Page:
Brian's Mail list account <bglists@...>
 

My first multitasking environment was Desqview by Quarterdeck
Very good multi tasking of dos.
Brian

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----- Original Message -----
From: "Shaun Everiss" <sm.everiss@gmail.com>
To: <nvda@nvda.groups.io>
Sent: Tuesday, July 17, 2018 1:02 AM
Subject: Re: [nvda] New to list, newbie question, everything new starts here I guess


To be honest though that would count for me for every upgrade.

I updated from dos to windows because of hardware and the fact I wanted more than 1 task.

I updated from win95 to win 98 because I could.

I updated from 98 to xp because of better drivers support etc.

I updated from xp to 7 because of security reasons and my computer died.

But I could have continued on xp for ever more.

I will update to 10 because of firstly security and secondly, I can't use anything over 6th generation pluss win7 is about dead anyway.

But if I had the choice I'd still be on stable xp.




On 7/17/2018 9:35 AM, Gene wrote:
Are there features you want or apps you want to run that you can't run now? If you have a reason to upgrade such as that, you may want to. If you are more curious and have no strong reason to do so, I have real reservations about whether its worth upgrading a computer you are satisfied with.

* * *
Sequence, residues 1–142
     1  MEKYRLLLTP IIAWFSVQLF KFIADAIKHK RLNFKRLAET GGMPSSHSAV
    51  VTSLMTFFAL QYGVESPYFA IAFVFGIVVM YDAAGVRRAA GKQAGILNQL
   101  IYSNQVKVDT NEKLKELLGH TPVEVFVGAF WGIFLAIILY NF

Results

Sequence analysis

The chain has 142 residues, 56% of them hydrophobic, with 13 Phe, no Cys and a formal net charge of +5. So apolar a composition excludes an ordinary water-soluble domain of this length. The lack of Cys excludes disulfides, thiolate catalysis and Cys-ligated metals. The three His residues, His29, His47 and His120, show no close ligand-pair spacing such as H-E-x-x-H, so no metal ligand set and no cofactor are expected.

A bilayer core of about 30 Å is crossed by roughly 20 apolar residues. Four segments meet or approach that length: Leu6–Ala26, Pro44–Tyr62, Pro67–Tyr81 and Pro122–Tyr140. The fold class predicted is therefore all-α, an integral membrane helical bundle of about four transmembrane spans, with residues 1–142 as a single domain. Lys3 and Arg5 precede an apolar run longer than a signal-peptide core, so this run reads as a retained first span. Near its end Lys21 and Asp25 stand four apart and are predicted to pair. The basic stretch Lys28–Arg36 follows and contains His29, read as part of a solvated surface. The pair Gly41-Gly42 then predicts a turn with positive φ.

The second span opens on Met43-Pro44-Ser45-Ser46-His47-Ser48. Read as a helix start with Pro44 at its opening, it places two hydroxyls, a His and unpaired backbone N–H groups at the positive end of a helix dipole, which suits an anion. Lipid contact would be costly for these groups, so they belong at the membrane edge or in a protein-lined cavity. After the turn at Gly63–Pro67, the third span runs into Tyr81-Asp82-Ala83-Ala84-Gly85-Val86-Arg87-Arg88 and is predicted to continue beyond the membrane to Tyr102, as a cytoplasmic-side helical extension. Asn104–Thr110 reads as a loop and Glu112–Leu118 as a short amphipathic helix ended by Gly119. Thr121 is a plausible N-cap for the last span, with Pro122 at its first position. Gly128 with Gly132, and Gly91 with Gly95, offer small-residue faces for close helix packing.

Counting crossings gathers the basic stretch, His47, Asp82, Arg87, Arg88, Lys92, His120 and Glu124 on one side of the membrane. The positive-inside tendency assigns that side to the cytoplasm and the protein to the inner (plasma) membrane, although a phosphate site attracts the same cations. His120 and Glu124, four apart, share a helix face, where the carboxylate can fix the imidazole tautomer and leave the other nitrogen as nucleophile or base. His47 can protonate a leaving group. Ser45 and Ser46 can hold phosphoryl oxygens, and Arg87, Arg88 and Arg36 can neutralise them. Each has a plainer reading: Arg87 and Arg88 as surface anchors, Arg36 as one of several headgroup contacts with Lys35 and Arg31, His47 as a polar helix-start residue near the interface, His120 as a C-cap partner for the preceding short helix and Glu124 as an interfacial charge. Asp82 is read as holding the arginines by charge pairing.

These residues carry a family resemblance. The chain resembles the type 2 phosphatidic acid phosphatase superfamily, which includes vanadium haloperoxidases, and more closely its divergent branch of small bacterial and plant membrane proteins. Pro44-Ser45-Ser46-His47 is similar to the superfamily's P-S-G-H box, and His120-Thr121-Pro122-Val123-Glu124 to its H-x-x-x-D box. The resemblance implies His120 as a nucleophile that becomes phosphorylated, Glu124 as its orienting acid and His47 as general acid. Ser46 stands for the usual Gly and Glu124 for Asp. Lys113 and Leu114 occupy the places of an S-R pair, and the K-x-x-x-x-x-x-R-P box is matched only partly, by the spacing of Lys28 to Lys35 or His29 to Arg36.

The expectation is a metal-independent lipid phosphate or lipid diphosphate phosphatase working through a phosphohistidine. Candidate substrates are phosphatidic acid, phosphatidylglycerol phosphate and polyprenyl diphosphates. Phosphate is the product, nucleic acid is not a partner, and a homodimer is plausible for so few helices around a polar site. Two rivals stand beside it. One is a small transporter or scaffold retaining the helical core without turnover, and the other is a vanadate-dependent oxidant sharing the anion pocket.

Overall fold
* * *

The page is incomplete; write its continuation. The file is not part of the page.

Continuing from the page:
You may find some problem or annoyance you really don't want to deal with and you may not be happy if you upgrade just to upgrade and have one or more annoying problems, even if you solve them. And Windows 10 comes out with a major upgrade every six months, which you must accept. Some people have problems after an upgrade.

You might want to consider getting a tablet to play with Windows 10 if you are just getting it out of curiosity and not because of features or apps you consider important.

Gene


From: Rob DeZonia
Sent: Monday, July 16, 2018 1:43 PM
To: nvda@nvda.groups.io
Subject: [nvda] New to list, newbie question, everything new starts here I guess


Howdy list,

I am running Windows 7. Lately I'm starting to feel like the guy running XP when there's a better option available. I remember when Windows 10 first came out NVDA advised not upgrading yet. I realize that was many Windows 10 updates and a few NVDA releases ago. My question is, since you are all it seems experienced users, should I take the plunge finally? How steep is the learning curve on Windows 10, and is Edge workable with NVDA? Also I'm curious about apps since I've never tried Windows 8.1 either.
Thanks for your help and your attention.




Brian's Mail list account <bglists@...>
 

My reply is probably not what others will say.